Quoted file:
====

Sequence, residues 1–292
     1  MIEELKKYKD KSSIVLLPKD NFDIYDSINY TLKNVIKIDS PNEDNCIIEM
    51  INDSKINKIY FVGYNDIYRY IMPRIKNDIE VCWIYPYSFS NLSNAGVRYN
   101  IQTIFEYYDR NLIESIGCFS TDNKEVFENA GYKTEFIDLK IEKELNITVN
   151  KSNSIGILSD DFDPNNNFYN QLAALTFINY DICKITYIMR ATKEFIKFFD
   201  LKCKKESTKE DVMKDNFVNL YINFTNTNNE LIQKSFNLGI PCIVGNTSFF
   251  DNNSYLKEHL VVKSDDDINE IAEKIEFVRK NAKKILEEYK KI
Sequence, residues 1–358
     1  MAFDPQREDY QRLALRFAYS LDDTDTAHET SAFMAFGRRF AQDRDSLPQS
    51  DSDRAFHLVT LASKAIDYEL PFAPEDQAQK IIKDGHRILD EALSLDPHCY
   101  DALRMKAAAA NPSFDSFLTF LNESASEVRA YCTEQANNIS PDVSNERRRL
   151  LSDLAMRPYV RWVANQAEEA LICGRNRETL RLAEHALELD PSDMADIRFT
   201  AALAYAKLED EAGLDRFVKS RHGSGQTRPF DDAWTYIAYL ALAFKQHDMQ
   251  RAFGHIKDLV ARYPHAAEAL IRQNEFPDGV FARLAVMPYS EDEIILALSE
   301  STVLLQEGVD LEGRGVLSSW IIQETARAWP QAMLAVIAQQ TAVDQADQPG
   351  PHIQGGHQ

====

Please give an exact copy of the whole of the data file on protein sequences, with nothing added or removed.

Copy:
Sequence, residues 1–292
     1  MIEELKKYKD KSSIVLLPKD NFDIYDSINY TLKNVIKIDS PNEDNCIIEM
    51  INDSKINKIY FVGYNDIYRY IMPRIKNDIE VCWIYPYSFS NLSNAGVRYN
   101  IQTIFEYYDR NLIESIGCFS TDNKEVFENA GYKTEFIDLK IEKELNITVN
   151  KSNSIGILSD DFDPNNNFYN QLAALTFINY DICKITYIMR ATKEFIKFFD
   201  LKCKKESTKE DVMKDNFVNL YINFTNTNNE LIQKSFNLGI PCIVGNTSFF
   251  DNNSYLKEHL VVKSDDDINE IAEKIEFVRK NAKKILEEYK KI
Sequence, residues 1–358
     1  MAFDPQREDY QRLALRFAYS LDDTDTAHET SAFMAFGRRF AQDRDSLPQS
    51  DSDRAFHLVT LASKAIDYEL PFAPEDQAQK IIKDGHRILD EALSLDPHCY
   101  DALRMKAAAA NPSFDSFLTF LNESASEVRA YCTEQANNIS PDVSNERRRL
   151  LSDLAMRPYV RWVANQAEEA LICGRNRETL RLAEHALELD PSDMADIRFT
   201  AALAYAKLED EAGLDRFVKS RHGSGQTRPF DDAWTYIAYL ALAFKQHDMQ
   251  RAFGHIKDLV ARYPHAAEAL IRQNEFPDGV FARLAVMPYS EDEIILALSE
   301  STVLLQEGVD LEGRGVLSSW IIQETARAWP QAMLAVIAQQ TAVDQADQPG
   351  PHIQGGHQ